Cherish Your Struggles

The title of this article may seem as if it runs contrary to your common sense. After all, we all hate to struggle. Dealing with difficulties in life can be scary, frustrating and exhausting. No one looks forward to going through one of life’s rough patches, but…

I’ve found over and over again that it’s my struggles against obstacles that are my biggest teachers and offer the greatest opportunities for self-improvement.

I haven’t yet mastered cherishing my struggles, but I’m certainly trying. I’m trying to embrace the challenges I face in my life rather than curse them.

Like all of us, I have many struggles in life. One of my biggest struggles is living with the knowledge that my lung transplant will not last forever. I live each day with the knowledge that someday, probably sooner rather than later, my transplanted organs will fail. The average lifespan of transplanted lungs is somewhere between three and five years. I just celebrated the five-year anniversary of my transplant.

If the statistics are accurate, I am not likely to live to see my fortieth birthday. That said, I realized a long time ago that I couldn’t lead a productive and happy life if I was constantly worrying about when I would die and so I do my best not to think about it. Sometimes I fail.

Every once in a while it hits me that if my wife and I have children, I probably won’t be around to see them graduate high school. I won’t live long enough to retire. I won’t have grandchildren.

The way I deal with this is by remembering that every obstacle in our life can teach us something. There is something to be learned from every seemingly negative experience. So I look at my shortened life expectancy as an opportunity to remember to live each day more fully.

Life is a journey, but not in the traditional sense of the word. Unlike the wise men’s journey to Bethlehem, or a runner’s journey to a finish line, life’s journey is not about the destination, it’s about the journey itself.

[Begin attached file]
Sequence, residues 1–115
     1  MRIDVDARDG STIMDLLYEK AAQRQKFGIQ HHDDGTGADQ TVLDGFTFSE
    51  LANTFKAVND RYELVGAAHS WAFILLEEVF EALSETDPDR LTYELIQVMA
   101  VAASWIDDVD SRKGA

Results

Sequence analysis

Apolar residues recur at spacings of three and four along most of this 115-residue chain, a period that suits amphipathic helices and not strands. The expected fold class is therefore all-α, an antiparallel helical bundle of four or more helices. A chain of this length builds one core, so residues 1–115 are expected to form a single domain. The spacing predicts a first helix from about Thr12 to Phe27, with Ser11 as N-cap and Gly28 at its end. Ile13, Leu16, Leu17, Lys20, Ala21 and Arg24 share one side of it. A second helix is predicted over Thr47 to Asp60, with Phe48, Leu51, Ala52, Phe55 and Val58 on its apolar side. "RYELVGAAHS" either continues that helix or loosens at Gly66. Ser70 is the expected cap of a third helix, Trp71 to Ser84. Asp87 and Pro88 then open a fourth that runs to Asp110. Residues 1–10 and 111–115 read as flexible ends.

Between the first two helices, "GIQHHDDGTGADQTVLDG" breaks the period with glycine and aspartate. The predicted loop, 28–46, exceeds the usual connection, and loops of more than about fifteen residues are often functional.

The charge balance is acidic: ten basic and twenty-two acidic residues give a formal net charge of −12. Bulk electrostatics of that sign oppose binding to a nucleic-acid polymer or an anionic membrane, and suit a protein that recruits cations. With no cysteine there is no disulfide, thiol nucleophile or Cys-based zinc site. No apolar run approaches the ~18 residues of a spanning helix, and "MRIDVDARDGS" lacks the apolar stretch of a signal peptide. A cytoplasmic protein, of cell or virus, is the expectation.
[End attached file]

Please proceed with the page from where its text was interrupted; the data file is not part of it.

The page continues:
Life’s journey is like a vacation to a foreign country or a great meal at a five-star restaurant. We don’t do these things for what we get at the end; we do them for the experience. Life’s isn’t about getting from Point A to Point B, unless Point A is one state of being, and Point B is a more evolved state of being.

Rather than thinking about life’s hurdles as obstacles that we have to leap over or find a way around in order to get to the finish line, try thinking of them like the waves of an ocean that crash on the rocks and slowly shape you into what you will become. It is your struggles, not your successes that make you who you are. Cherish them.

Action Item

Spend some time this week making a list of the three things that you’re struggling with right now. Examine each problem to see if you can find some hidden opportunity. Ask yourself:

  • What can this issue/problem teach me about myself?
  • Why am I facing this problem? Was there something that I could or should have done to avoid it?
  • Do I face this problem (or something similar) often? What does this tell me about me?

You will face challenges in your life. You will struggle. These are facts of life. It’s important to understand that struggling isn’t a sign of failure; it’s a side effect of being alive. Struggling is an invitation to be shaped into a better, more compassionate human being.

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  • Wow. You touched me deeply with how you acknowledge your shortened life expectancy…while also acknowledging that you haven’t yet mastered embracing your challenges.

    You bring a much needed message that there are no easy fixes — and it is our choice to LIVE in a state of gratitude. This is a choice that must be made again and again, as we embrace our role as a curious student.

    You are a light, Mark. Thank you for shining on us today.